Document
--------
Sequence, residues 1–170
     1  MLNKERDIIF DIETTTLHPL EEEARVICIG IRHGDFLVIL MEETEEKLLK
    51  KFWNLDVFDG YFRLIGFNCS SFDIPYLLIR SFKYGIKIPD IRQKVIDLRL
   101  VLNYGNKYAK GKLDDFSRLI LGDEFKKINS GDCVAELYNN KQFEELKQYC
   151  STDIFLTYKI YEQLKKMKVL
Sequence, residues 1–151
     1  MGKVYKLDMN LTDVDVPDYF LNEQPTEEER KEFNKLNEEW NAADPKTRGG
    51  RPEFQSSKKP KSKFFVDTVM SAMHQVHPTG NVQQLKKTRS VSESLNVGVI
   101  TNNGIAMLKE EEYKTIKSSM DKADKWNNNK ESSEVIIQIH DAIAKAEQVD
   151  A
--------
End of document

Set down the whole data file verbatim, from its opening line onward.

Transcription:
Sequence, residues 1–170
     1  MLNKERDIIF DIETTTLHPL EEEARVICIG IRHGDFLVIL MEETEEKLLK
    51  KFWNLDVFDG YFRLIGFNCS SFDIPYLLIR SFKYGIKIPD IRQKVIDLRL
   101  VLNYGNKYAK GKLDDFSRLI LGDEFKKINS GDCVAELYNN KQFEELKQYC
   151  STDIFLTYKI YEQLKKMKVL
Sequence, residues 1–151
     1  MGKVYKLDMN LTDVDVPDYF LNEQPTEEER KEFNKLNEEW NAADPKTRGG
    51  RPEFQSSKKP KSKFFVDTVM SAMHQVHPTG NVQQLKKTRS VSESLNVGVI
   101  TNNGIAMLKE EEYKTIKSSM DKADKWNNNK ESSEVIIQIH DAIAKAEQVD
   151  A